ship, with great gallantry and precision. Along the river, by the mouth of the creek, he ground is marshy, and while not so much so as the landing-place at Roanoke Island, was still miry enough to make the labor of dragging the field-pieces very heavy. Our path led for little distance through a fringe of woods, in which the Spe person of Adjutant Frazar A. Stearns, the young man who bore himself so bravely in the difficult and dangerous charge on the right of the enemy's battery on Roanoke Island. Poor Stearns received a bullet in his right breast, and fell dead in his place. He was the son of the President of Amherst College, and possessed the love he field and in hospital, the number of wounded being so large, and their own force reduced by absences on leave, and those left in charge of the hospitals at Roanoke Island. The brigade hospitals were in charge respectively of Dr. Thompson, Dr. Cutter, of the Twenty-first Massachusetts, and Dr. Rivers, of the Fourth Rhode Island
r. Headquarters P. M., Harrisburgh, April 4, 1862. General order, No. 20. The Governor congratulates the members of the Eighty-fourth and One hundred and tenth regiments Pennsylvania Volunteers upon their gallantry in the recent severe and brilliant action at Winchester. Their bearing upon that occasion, under the formidable attack of a bold and desperate foe, was worthy of the high reputation already won by the soldiers of Pennsylvania on the memorable fields of Dranesville, Roanoke Island, and Newbern. The Governor is proud to recognise the enviable distinction thus gained by the troops of the commonwealth, and trusts that to the end of the present wicked rebellion they may be distinguished by similar deeds of valor and endurance, and that, whenever called to meet the enemies of their country, they may prove their fitness to sustain its flag. The example of the gallant Colonel Murray, of the Eighty-fourth, who fell at the head of his regiment in the conflict at Winche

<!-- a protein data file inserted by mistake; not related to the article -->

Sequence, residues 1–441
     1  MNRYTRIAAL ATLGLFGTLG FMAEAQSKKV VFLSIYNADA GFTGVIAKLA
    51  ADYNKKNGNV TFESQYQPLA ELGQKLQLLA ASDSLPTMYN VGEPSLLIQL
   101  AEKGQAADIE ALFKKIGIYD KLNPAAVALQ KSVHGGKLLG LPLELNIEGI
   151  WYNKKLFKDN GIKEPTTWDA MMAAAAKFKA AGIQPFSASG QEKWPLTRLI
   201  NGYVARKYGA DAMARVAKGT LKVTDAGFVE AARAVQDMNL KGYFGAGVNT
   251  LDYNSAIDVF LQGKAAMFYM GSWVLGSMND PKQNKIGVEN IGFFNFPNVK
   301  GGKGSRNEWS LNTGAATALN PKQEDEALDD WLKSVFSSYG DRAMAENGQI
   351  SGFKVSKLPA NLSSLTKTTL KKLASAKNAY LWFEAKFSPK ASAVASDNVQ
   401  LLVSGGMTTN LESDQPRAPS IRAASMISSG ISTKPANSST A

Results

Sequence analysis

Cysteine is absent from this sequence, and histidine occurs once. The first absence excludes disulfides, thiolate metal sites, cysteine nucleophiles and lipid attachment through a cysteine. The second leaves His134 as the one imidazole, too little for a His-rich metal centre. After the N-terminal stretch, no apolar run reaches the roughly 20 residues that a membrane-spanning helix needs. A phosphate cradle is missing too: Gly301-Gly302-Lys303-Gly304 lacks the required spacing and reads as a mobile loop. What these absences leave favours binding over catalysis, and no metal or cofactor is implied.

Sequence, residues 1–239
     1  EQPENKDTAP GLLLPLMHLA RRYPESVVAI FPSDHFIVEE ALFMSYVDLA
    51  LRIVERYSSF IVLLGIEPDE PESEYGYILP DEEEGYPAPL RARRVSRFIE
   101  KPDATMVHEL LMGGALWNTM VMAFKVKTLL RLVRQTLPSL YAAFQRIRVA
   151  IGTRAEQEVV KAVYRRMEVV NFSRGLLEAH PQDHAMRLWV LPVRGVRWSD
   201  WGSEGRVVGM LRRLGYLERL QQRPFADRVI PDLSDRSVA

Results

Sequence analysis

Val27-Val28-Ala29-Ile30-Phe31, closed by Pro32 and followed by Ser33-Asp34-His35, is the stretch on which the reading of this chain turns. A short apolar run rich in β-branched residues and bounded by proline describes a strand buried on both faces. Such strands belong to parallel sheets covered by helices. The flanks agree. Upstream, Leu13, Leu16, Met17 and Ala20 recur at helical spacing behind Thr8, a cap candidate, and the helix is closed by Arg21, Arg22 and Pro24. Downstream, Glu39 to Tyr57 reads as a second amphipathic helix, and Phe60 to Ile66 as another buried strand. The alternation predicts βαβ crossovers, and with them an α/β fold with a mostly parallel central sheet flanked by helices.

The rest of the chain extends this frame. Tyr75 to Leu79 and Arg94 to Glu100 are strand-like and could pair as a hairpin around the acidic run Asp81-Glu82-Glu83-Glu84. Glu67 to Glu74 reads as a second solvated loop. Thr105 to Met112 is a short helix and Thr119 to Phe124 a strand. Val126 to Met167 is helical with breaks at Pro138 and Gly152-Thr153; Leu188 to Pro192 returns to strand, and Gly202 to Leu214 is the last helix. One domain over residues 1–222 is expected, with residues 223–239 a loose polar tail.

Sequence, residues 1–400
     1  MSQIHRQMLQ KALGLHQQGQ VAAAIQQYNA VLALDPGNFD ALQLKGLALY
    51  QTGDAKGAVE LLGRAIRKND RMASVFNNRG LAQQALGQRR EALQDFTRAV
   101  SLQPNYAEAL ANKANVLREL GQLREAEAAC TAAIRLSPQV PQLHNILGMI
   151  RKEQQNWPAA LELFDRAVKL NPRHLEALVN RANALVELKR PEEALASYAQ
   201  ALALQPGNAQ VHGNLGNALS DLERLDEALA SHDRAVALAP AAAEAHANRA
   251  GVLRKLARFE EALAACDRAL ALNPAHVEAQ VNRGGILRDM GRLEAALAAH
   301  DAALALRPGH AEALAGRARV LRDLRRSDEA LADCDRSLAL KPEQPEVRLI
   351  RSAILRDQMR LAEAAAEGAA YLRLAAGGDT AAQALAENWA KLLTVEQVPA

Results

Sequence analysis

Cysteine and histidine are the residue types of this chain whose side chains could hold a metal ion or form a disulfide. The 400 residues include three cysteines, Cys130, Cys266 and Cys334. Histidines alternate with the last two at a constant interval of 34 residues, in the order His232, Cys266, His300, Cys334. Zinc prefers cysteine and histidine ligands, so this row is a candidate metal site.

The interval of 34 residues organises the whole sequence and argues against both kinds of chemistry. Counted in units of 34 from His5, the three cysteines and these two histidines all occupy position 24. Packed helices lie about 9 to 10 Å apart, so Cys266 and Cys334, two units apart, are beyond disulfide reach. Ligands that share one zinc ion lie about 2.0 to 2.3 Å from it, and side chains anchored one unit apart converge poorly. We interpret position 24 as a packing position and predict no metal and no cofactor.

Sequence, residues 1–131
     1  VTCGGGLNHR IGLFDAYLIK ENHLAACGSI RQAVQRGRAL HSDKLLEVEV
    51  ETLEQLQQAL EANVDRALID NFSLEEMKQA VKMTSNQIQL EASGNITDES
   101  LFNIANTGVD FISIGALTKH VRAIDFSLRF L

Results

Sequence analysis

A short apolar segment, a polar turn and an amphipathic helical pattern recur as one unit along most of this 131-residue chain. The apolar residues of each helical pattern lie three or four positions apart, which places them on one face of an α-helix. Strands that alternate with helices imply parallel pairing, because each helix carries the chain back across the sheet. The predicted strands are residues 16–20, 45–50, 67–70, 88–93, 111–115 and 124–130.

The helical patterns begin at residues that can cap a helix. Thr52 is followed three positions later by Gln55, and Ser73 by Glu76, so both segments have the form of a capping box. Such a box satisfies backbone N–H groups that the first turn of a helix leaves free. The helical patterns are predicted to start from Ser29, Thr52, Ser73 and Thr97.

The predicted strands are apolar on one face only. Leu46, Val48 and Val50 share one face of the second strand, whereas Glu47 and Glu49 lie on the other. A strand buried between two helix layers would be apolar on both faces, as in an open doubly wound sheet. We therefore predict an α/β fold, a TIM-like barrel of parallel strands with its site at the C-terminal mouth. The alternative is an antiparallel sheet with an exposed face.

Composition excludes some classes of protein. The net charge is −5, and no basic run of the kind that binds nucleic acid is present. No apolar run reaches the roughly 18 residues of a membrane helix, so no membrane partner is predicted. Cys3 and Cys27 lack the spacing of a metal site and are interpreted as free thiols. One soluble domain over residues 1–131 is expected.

ort of Lieut.-Col. Kimball. headquarters, Ninth regiment N. Y. V., Roanoke Island, N. C., April 21, 1862 Colonel: I have the honor to report that in pursuanc on the army transports Northerner, Admiral, Pilot Boy, and Ocean Wave, for Roanoke Island, in convoy of the flag-ship Philadelphia, Com. Rowan, and the war-steamers ieut. Commanding S. P. Quackenbush, and the Picket, Capt. Ives, arriving at Roanoke Island on the evening of the seventeenth, a distance of one hundred and twenty milisit to Col. Hawkins, Acting Brigadier-General, in command of the forces on Roanoke Island, who was to join the expedition with three regiments of his brigade, the Nizabeth City on the following morning in order to connect with the boats for Roanoke Island and Newbern, which points he was to reach by a given time, Gen. Burnside ha in good season at the landing, and forming a connection with the boats for Roanoke Island and Newbern, which places we reached by the time required by Gen. Burnside.
ity, N. C., April 26. sir: In obedience to your orders I left this place on the twenty-third inst., in the Lockwood, with the Whitehead and Putnam, in company, each with an officer and a detachment of men on board, the Lockwood towing the wrecking schooner Emma Slade, with the apparatus for blowing up the banks to block up the Albemarle and Chesapeake Canal at the mouth of the North River. We were joined by the Shawsheen, having in tow a schooner which had been sent the day before to Roanoke Island, to be filed with sand. On the afternoon of the twenty-third, fifty men were landed on each bank, while a launch with a heavy twelve-pounder was sent up the canal, and with this force we moved up two miles, examining the banks to find the best place for operations. I concluded to place the obstructions near the mouth, that the men while at work might be under the cover of the guns of the steamers, and the enemy be prevented from removing it. The schooner was sunk just inside of the c
lonesomely the wreckers go Down the long aisles of silver sand. There are no sails across the bar; Where is the fisherman's canoe, And all the cunning nets he drew Before the blighting of the war? No more the hounds and hunters come To chase the wild deer from the oak; For desolation sere and dumb, Sits in the homes of Roanoke. There first my pale and sanguine race A birthplace found-perhaps a grave ; Virginia Dare, the first offspring of English parents in the New World, was born on Roanoke Island, 1587. Her father came too late to save, He met no welcome and no trace. And vainly rode the anguished carl-- For so the sole direction ran-- Across the tide to Croatan, And searched the groves of Albemarle. Perhaps she loved some Indian brave, And dusky children learned to know Far in the land of Manteo; Or paced, half-famished by the wave, Where gazing wearily at morn, She heard the far surf clash and croak The requiem of the golden corn That never came to Roanoke. Thrice ploughed thy